Latest Entries

Colossal.

Booted out of her New York apartment by her exasperated partner, Gloria finds herself back in her childhood town, sleeping on the floor of her now empty family home. Having been out of work for over a year Gloria’s life has become a toxic cycle of heavy late night drinking and sleeping through the day … Continue reading

Alien: Covenant.

Alien is undoubtedly a near-perfect film which continues to dazzle and impress me each time I return to it. Ridley Scott’s bold aesthetic choices and simplistic approach to both the film’s story and visuals results in something altogether cinematically extraordinary. Although many believe an argument can be made for James Cameron’s Aliens, I see little greatness … Continue reading

All This Panic.

Shot over three years, Jenny Gage’s All This Panic is a monumental achievement; a glorious meditation on the awkward and undefined transition between childhood and adulthood. Focussing on the changing lives of a small handful of Brooklyn girls, it is a heartbreakingly nostalgic documentary, which expertly captures those bizarre, minor, authentic details that define the … Continue reading

Mulholland Drive.

The first time I saw Mulholland Drive was on a dim laptop screen in the back of a caravan. Even in this least cinematic of locations I found myself intoxicated by David Lynch’s chaotic meditation on the putrid nature of Hollywood. This weekend I finally saw it for the second time on a much larger screen as … Continue reading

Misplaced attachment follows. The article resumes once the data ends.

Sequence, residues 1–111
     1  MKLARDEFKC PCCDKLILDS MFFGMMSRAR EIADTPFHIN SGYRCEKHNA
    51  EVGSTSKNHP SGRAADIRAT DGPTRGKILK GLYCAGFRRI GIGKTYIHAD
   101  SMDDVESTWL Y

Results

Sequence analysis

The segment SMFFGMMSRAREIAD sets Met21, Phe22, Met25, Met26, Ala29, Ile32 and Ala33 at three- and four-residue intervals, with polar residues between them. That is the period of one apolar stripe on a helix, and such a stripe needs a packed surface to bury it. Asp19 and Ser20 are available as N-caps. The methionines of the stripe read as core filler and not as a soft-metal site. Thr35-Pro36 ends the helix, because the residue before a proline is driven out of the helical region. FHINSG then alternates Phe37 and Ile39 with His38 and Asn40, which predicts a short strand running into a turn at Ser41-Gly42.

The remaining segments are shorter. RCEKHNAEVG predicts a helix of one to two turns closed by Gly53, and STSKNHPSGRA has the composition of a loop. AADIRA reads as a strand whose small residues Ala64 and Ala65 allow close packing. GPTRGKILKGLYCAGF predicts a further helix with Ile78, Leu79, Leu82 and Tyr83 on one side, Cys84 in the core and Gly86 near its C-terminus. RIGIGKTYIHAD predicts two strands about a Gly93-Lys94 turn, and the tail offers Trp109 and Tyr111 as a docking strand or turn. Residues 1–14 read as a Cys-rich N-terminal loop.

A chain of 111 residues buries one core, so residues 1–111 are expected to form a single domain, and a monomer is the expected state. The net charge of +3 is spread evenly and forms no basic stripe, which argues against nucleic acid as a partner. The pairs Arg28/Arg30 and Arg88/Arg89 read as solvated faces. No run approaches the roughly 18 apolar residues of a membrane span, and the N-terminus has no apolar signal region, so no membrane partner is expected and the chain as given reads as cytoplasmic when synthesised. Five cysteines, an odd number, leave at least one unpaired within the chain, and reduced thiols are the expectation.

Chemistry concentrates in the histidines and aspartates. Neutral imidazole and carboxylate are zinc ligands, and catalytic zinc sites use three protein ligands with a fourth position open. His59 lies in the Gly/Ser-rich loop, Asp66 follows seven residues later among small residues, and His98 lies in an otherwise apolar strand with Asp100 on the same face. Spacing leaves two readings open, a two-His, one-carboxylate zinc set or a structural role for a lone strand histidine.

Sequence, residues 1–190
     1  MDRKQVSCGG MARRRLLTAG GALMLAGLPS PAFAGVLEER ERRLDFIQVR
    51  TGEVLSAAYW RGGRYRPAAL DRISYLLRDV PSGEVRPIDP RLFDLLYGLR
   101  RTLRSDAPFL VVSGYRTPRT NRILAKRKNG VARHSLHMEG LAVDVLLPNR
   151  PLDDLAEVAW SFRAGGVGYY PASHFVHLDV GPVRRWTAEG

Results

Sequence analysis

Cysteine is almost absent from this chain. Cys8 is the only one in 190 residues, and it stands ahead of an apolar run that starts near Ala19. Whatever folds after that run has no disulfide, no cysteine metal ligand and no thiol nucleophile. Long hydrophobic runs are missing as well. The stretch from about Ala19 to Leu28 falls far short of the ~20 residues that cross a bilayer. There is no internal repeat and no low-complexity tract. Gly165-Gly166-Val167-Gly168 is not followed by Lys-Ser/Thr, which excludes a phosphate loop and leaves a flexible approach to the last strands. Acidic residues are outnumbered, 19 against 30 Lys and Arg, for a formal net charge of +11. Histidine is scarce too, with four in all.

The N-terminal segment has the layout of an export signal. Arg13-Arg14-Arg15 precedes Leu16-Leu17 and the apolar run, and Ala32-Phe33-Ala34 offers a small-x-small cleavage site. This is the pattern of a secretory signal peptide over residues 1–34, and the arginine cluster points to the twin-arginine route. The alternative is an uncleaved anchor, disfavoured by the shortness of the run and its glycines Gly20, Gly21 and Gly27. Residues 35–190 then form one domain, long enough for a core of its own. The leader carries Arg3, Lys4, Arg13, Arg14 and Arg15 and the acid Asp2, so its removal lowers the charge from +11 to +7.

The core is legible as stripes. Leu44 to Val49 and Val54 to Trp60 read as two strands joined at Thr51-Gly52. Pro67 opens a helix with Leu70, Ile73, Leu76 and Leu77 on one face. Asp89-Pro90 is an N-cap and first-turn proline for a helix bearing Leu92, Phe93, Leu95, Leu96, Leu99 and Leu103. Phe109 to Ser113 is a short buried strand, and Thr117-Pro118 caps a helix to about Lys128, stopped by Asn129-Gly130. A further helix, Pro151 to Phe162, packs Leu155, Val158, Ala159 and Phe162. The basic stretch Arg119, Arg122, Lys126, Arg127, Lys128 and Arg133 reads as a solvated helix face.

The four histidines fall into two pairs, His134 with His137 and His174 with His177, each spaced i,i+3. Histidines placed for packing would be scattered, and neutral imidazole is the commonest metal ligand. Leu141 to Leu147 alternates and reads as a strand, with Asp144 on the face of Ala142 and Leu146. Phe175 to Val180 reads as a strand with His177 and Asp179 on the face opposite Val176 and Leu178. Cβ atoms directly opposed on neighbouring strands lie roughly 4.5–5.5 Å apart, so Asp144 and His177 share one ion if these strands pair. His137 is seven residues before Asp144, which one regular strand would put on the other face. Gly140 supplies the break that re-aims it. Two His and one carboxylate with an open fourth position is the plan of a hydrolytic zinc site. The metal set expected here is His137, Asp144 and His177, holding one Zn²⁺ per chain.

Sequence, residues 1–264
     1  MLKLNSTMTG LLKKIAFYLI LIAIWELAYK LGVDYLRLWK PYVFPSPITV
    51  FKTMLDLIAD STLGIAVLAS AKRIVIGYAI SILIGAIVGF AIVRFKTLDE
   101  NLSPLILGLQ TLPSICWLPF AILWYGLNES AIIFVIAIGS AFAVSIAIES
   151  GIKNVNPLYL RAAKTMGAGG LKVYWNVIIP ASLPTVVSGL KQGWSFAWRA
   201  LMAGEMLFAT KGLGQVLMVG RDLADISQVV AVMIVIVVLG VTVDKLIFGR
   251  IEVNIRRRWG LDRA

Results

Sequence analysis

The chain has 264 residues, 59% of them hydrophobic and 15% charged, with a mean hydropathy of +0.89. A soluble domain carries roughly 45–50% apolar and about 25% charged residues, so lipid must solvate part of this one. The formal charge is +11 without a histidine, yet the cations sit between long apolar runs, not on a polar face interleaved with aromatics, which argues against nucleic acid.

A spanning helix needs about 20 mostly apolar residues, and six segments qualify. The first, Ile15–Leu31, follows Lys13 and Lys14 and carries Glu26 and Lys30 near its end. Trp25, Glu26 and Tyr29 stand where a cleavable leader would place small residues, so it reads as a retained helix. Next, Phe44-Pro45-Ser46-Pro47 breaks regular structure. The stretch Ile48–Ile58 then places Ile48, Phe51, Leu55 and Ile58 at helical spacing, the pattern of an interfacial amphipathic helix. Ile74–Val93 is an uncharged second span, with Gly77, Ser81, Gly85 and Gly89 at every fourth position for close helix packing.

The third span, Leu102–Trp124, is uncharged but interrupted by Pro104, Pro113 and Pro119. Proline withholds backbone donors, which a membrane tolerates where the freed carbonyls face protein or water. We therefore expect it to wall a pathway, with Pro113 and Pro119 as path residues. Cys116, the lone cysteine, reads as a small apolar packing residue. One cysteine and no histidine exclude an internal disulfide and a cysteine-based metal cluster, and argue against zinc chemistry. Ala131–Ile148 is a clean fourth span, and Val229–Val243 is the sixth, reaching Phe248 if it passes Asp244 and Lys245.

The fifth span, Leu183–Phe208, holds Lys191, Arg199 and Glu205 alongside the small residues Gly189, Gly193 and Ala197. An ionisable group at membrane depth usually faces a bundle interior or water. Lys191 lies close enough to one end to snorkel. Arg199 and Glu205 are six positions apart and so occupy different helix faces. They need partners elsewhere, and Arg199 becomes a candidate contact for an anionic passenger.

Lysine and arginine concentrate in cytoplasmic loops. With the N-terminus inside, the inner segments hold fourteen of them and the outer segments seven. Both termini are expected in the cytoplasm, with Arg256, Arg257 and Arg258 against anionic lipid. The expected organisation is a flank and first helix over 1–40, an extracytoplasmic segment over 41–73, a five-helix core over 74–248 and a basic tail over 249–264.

I Am Not Your Negro.

The unfinished memoirs of critic and writer James Baldwin are brought to life by the voice of Samuel L. Jackson in Raoul Peck’s astonishing I Am Not Your Negro. A striking film essay that divulges Baldwin’s thoughts and criticism of the historical treatment of African-Americans during the fifties and sixties, this is a truly riveting … Continue reading

Free Fire.

Ben Wheatley’s back catalogue is rich in style and substance, from the dark horror and humour of Sightseers to the grit and claustrophobia of  Down Terrace to the suspense and ultimate chaos of Kill List to the artistic hypnosis of the triumphant A Field in England. Despite being unconvinced by High Rise, I couldn’t help but marvel at its textured layers of satirical … Continue reading